Most computer science conferences rely on paper bidding to assign reviewers
to papers. Although paper bidding enables high-quality assignments in days of
unprecedented submission numbers, it also opens the door for dishonest
reviewers to adversarially influence paper reviewing assignments. Anecdotal
evidence suggests that some reviewers bid on papers by “friends” or colluding
authors, even though these papers are outside their area of expertise, and
recommend them for acceptance without considering the merit of the work. In
this paper, we study the efficacy of such bid manipulation attacks and find
that, indeed, they can jeopardize the integrity of the review process. We
develop a novel approach for paper bidding and assignment that is much more
robust against such attacks. We show empirically that our approach provides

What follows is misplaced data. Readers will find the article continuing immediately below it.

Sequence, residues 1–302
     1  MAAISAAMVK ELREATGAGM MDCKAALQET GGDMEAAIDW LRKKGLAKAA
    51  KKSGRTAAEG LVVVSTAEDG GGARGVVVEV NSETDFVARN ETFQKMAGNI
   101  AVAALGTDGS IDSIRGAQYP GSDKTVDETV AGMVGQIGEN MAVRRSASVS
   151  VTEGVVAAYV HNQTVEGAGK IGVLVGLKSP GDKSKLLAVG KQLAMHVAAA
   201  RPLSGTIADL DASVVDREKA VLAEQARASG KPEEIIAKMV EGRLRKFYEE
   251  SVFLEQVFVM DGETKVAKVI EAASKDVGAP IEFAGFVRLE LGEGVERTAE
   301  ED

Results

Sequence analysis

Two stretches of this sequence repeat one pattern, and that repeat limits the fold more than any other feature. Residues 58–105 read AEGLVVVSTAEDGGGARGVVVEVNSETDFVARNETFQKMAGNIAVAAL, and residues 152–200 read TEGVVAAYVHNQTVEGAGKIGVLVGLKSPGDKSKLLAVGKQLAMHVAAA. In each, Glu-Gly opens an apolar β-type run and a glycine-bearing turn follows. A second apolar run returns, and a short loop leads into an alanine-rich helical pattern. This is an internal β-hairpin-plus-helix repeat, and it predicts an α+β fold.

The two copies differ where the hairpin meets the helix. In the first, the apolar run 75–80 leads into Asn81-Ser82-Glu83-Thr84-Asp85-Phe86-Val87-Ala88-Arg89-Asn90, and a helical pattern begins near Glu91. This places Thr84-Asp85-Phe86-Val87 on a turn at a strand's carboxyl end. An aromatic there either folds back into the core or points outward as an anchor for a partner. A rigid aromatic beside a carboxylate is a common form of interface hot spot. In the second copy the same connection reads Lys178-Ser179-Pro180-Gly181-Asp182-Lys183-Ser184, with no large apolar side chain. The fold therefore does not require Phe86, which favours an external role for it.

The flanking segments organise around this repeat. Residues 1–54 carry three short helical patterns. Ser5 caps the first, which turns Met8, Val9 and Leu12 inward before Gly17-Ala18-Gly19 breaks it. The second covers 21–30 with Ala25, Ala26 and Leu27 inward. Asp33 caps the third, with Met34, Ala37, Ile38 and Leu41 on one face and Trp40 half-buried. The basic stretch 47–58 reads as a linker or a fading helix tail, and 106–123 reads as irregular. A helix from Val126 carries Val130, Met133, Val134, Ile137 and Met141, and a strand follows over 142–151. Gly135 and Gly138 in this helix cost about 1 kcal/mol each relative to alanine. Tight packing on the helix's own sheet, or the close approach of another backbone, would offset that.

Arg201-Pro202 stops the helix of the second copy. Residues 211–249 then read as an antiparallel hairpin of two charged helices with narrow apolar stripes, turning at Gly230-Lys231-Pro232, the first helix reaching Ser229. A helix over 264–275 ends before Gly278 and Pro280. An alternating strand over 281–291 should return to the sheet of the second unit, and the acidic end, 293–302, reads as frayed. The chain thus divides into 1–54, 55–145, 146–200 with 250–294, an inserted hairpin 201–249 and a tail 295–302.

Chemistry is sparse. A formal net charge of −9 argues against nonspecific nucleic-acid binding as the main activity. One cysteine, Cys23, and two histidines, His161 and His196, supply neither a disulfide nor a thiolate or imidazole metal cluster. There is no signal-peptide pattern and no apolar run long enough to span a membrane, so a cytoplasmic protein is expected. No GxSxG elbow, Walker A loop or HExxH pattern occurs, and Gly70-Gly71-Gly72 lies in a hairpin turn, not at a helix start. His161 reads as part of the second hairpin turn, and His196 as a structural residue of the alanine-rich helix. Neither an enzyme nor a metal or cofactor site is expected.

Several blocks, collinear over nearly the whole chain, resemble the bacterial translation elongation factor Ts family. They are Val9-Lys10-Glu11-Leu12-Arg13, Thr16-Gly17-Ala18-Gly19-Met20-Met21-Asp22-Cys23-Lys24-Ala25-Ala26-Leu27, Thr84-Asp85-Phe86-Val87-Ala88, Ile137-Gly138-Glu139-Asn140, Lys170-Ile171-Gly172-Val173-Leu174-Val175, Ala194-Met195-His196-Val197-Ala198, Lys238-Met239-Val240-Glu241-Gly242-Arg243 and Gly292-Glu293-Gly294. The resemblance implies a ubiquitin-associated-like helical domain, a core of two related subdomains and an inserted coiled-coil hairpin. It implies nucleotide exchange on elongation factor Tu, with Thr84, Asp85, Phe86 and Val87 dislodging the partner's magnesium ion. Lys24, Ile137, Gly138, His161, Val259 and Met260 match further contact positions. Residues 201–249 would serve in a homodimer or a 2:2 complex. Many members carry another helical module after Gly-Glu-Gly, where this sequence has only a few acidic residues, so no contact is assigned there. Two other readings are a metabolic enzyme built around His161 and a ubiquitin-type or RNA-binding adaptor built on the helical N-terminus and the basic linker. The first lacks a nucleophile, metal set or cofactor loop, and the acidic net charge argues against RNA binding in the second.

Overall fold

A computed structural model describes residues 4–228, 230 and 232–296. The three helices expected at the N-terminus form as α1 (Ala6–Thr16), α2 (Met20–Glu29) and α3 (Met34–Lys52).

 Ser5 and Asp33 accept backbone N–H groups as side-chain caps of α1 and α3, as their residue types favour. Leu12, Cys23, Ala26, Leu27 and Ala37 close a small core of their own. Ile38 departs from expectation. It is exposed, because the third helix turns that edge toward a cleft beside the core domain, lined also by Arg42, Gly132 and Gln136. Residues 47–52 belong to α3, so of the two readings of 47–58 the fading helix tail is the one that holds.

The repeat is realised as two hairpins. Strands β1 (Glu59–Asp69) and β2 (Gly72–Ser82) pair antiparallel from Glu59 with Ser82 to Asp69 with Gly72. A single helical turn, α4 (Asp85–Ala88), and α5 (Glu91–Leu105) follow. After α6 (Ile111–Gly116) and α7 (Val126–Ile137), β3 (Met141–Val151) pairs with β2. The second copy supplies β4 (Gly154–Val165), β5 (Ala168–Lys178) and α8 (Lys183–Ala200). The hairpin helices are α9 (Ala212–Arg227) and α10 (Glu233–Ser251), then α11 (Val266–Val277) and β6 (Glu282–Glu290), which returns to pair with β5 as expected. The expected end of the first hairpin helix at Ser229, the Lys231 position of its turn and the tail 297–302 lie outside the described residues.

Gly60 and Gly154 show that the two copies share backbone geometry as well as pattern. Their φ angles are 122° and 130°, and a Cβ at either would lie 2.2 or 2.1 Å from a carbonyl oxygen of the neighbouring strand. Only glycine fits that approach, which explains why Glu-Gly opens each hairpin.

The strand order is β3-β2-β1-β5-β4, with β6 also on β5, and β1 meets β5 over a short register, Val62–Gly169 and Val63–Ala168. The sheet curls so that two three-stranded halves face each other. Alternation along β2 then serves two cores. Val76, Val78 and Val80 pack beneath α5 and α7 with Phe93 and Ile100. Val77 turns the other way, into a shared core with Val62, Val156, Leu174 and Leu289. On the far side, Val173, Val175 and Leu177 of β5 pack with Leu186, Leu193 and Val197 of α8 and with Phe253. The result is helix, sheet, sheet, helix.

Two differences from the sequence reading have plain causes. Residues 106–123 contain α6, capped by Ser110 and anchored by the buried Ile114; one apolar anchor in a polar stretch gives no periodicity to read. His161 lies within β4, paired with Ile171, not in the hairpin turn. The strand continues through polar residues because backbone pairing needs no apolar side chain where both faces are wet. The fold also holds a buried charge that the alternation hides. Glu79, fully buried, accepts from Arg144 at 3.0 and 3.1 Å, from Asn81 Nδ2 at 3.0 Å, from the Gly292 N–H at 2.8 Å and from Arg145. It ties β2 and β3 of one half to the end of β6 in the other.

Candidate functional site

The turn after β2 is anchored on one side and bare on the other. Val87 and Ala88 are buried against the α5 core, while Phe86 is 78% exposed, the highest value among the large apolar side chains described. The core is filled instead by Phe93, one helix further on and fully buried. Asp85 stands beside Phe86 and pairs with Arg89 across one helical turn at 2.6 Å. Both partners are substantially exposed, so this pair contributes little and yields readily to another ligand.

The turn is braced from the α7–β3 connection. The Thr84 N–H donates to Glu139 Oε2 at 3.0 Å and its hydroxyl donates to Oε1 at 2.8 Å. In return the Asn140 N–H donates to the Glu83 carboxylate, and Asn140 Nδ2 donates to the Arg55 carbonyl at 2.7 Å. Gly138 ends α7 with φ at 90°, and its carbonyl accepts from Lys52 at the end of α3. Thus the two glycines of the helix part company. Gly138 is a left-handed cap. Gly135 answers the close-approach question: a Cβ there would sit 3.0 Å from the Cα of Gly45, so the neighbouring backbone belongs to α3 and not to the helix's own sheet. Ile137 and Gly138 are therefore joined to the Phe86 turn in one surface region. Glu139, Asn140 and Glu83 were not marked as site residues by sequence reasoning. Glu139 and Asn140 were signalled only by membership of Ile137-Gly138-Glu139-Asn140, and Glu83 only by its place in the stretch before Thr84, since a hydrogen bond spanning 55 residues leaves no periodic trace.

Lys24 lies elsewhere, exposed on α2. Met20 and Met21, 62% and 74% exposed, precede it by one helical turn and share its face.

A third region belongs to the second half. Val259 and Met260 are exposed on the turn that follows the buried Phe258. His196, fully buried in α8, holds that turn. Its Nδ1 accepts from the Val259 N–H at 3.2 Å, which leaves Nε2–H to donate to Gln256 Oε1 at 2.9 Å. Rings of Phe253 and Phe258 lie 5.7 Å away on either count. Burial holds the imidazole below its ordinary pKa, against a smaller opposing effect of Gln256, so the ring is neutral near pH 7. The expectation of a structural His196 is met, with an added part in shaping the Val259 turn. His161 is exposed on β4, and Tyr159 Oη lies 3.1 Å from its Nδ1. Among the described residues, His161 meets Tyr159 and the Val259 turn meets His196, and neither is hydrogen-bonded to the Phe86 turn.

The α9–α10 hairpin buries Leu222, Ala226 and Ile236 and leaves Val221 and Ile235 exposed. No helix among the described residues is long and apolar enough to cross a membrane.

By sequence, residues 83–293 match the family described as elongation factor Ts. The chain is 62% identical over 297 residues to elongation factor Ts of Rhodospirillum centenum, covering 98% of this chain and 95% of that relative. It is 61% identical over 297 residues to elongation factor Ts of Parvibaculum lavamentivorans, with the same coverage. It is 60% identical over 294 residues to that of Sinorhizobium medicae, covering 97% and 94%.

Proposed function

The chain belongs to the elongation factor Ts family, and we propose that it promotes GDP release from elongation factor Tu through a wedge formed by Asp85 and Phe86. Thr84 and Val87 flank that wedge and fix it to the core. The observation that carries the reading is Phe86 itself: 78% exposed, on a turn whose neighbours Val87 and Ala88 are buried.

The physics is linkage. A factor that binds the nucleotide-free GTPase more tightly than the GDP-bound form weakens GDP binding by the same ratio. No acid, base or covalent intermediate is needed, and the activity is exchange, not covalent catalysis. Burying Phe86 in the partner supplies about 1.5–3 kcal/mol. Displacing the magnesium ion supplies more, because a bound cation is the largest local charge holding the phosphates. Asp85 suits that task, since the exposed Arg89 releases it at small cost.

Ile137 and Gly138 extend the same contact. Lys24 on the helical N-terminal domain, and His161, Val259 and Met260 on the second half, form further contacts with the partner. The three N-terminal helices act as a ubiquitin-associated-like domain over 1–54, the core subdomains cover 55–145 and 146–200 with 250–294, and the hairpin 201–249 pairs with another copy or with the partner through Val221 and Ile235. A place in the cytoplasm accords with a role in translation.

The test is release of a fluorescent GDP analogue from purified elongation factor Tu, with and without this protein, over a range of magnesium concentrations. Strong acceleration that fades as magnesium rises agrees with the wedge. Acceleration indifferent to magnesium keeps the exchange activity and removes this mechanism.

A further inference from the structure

robustness even when dishonest reviewers collude, have full knowledge of the
assignment system’s internal workings, and have access to the system’s inputs.
In addition to being more robust, the quality of our paper review assignments
is comparable to that of current, non-robust assignment approaches.

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Author Of this post: <a href="http://arxiv.org/find/cs/1/au:+Wu_R/0/1/0/all/0/1">Ruihan Wu</a>, <a href="http://arxiv.org/find/cs/1/au:+Guo_C/0/1/0/all/0/1">Chuan Guo</a>, <a href="http://arxiv.org/find/cs/1/au:+Wu_F/0/1/0/all/0/1">Felix Wu</a>, <a href="http://arxiv.org/find/cs/1/au:+Kidambi_R/0/1/0/all/0/1">Rahul Kidambi</a>, <a href="http://arxiv.org/find/cs/1/au:+Maaten_L/0/1/0/all/0/1">Laurens van der Maaten</a>, <a href="http://arxiv.org/find/cs/1/au:+Weinberger_K/0/1/0/all/0/1">Kilian Q. Weinberger</a>

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